The Whole Dish podcast: Reverse-sear method ensures even medium-rare doneness

“It’s time to take another look at lamb.”

The headline posted a few days after Easter — an occasion when many newspaper readers may take note — came late to the sustainable and eat-local-food party. Make that about a decade late.

Anyone who’s followed this blog knows that lamb is mentioned on a fairly regular basis as one of my family’s go-to meats, obtained from local 4-H clubbers. Over the past decade, I’ve found myself evangelizing less frequently and instead cheerleading when people tell me they’ve recently come around to long-snubbed lamb.

Such was the case with friends who recently remarked that they just purchased their first whole lamb from a local source and they couldn’t believe how good it was. Indeed, now go out and spread the word!

That was the tone of a Washington Post story that ran in the April 24 edition of A la Carte (see the e-edition). Lamb is affordable for feeding a crowd, more forgiving than a turkey and globally embraced by just about every culinary tradition, save for the American mainstream.

Food writers across the country are echoing the same sentiments. The Detroit Free Press recently pointed out that lamb loin chops come in value packs at warehouse stores and are an entry point for the reverse-sear method that’s become a popular preparation for beef steaks. The 4-ounce loin chops are essentially a miniature version of the porterhouse steak and should be cooked accordingly (never beyond medium). Choosing thicker chops (about 2 inches) guards against overcooking.

Because lamb loin chops are small, they can be marinated in a narrow window prior to cooking, as little as an hour beforehand and up to overnight. Recipe testers for the Free Press cited about three hours as plenty of time.

Like this blog’s previous post featuring Argentinian-style beef kebabs, this straightforward but flavorful recipe is one to add to your grilling-season repertoire. Play up loin chops’ resemblance to the porterhouse by cutting the meat from the bone and serving it alongside, perhaps with a drizzle of balsamic reduction or the kebab recipe’s chimichurri.

Tribune News Service

Garlic, Rosemary and Thyme Marinated Lamb Chops

2 pounds lamb loin chops, about 10

4 garlic cloves, peeled and minced

1 heaping tablespoon fresh rosemary

1 tablespoon fresh chopped thyme

1 teaspoon kosher salt

1/2 teaspoon ground black pepper

Juice of one lemon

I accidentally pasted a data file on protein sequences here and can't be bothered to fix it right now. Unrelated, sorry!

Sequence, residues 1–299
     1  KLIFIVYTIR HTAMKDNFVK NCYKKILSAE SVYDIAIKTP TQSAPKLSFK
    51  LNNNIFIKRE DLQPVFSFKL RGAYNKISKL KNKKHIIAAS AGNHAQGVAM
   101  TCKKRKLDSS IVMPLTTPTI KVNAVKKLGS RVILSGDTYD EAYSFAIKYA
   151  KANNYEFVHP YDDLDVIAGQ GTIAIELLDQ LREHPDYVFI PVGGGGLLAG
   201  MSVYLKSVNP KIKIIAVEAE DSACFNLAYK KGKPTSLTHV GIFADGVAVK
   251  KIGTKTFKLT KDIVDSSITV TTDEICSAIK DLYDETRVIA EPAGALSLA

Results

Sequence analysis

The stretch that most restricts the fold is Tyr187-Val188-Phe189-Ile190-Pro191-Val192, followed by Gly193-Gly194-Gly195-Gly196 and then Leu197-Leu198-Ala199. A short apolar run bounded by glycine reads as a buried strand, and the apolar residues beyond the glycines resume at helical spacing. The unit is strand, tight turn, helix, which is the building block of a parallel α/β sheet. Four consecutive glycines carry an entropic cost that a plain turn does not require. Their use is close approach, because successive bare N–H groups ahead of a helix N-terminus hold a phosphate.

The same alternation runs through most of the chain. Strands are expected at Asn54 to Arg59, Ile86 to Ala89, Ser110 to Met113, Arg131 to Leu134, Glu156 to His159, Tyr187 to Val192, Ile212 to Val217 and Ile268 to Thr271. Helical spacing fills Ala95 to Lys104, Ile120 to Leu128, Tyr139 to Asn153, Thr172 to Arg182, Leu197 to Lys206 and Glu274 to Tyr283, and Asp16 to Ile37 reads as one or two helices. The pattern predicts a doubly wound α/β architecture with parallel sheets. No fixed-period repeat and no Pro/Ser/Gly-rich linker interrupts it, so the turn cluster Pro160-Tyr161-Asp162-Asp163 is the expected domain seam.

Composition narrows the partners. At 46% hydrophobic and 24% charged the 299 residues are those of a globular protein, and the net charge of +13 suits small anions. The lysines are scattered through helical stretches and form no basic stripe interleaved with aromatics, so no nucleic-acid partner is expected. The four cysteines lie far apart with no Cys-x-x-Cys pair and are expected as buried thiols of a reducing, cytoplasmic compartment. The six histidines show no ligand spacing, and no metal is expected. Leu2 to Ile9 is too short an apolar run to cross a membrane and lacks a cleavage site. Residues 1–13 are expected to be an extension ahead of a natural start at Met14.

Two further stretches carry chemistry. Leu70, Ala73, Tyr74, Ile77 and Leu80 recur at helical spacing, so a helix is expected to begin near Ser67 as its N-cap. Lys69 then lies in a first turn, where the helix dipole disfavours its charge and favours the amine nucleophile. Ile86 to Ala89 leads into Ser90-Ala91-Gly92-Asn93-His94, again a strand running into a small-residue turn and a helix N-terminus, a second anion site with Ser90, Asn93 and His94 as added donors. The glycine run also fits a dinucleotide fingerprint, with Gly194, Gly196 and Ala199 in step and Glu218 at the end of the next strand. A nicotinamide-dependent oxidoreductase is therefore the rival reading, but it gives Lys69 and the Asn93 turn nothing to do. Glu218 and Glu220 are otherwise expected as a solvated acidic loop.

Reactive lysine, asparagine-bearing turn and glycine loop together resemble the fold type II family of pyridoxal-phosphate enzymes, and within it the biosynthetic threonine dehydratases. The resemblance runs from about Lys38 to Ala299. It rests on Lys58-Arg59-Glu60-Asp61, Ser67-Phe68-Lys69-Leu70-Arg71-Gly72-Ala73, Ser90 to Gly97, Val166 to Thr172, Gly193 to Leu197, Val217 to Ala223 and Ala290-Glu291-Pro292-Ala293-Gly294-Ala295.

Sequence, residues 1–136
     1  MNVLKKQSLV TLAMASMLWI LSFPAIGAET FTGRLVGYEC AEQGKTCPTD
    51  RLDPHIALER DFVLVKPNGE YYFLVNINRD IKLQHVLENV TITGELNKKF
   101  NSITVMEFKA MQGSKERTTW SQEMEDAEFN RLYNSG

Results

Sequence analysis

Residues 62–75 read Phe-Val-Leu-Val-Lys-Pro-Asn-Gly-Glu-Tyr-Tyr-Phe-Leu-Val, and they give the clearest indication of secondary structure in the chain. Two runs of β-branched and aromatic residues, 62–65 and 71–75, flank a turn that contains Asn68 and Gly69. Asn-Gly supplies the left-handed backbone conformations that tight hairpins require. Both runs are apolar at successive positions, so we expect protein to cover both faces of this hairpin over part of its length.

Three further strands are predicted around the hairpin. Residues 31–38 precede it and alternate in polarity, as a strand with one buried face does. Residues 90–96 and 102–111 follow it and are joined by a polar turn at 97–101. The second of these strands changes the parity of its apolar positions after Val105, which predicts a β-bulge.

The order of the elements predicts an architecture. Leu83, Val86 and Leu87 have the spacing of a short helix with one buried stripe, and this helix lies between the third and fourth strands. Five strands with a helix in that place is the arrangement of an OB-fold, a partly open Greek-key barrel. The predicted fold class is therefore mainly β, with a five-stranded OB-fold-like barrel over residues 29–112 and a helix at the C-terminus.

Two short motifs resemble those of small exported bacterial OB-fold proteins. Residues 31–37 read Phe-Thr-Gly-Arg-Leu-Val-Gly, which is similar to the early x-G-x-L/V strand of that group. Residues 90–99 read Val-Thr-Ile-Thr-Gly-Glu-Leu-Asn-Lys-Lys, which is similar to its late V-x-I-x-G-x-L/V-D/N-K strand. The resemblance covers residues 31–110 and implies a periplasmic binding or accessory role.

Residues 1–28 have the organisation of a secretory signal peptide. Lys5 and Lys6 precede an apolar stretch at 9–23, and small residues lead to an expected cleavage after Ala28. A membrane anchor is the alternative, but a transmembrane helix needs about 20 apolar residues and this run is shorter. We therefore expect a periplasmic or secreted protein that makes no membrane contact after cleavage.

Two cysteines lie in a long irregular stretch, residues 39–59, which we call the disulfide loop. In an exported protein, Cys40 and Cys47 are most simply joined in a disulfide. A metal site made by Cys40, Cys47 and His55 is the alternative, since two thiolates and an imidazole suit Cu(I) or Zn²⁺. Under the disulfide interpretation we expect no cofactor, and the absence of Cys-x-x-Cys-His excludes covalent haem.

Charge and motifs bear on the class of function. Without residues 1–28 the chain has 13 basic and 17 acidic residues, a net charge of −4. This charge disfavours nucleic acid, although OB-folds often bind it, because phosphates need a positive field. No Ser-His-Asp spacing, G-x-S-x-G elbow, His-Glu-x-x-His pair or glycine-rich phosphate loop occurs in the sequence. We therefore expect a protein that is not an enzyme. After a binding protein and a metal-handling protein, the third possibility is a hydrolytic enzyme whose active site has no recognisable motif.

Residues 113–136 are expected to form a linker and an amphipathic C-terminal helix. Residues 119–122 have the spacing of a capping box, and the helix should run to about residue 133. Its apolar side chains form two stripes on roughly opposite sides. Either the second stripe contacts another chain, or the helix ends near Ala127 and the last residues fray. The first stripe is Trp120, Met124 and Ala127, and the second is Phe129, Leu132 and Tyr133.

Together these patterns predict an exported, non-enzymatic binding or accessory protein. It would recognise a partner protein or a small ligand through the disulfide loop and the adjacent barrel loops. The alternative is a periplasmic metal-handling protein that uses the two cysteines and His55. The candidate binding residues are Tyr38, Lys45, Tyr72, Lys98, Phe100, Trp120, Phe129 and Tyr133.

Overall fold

1/2 cup olive oil

1 tablespoon balsamic vinegar

Rosemary sprigs, for garnish

Balsamic glaze, for garnish (optional)

Place the lamb in a dish. Set aside. In a glass measuring cup, combine the garlic, rosemary, thyme, salt, pepper, lemon juice, olive oil and balsamic vinegar. Whisk to combine.

Pour marinade over lamb chops. Turn chops over to cover them completely. Cover dish with plastic wrap, refrigerate and marinate for at least 3 hours or overnight.

Remove and uncover lamb about 1 hour before you are ready to grill.

Preheat grill to low-medium heat — about 300 F. You are going to cook chops at low heat first, then sear them over high heat.

Place lamb chops on grill. Close lid and grill for about 10 minutes or until chops reach an internal temperature of about 110 F. Increase heat on another side of grill to high. Move lamb chops over to the hotter side of grill and sear on each side for about 2 minutes, just so you get a nice crust on them. For medium-rare, internal temperature will be about 130 F. Remove from grill and let rest for 5 minutes before serving.

Place lamb chops on a platter, garnish with the rosemary sprigs and serve with the optional balsamic glaze.

Makes 4 servings.

Recipe adapted by the Detroit Free Press from www.delishdlites.com.

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Red chimichurri is an earthy counterpart to green

“Red or green?” The answer isn’t just a choice between New Mexico’s favorite chili sauces.

Chimichurri, the ubiquitous condiment of Argentina, also comes in two contrasting hues. Eminently herbaceous, green chimichurri brightens up all manner of grilled meats.

Earthy red chimichurri goes lighter on the herbal bouquet and broadens its appeal beyond meat to roasted vegetables, baked potatoes, omelets, cooked pasta, even for dunking grilled-cheese sandwiches, according to a recent story by Chicago Tribune writer JeanMarie Brownson.      

This week’s Mail Tribune food section (see the e-edition) features steaks with green chimichurri, making Brownson’s red counterpart a natural post to this blog. It’s also a technique to adopt in the run-up to grilling season, perhaps whetting the appetite with these broiled beef kebabs. I’d make them with chunks of locally raised lamb that my family purchases every spring. Either meat effortlessly translates from the broiler to charcoal or gas grill.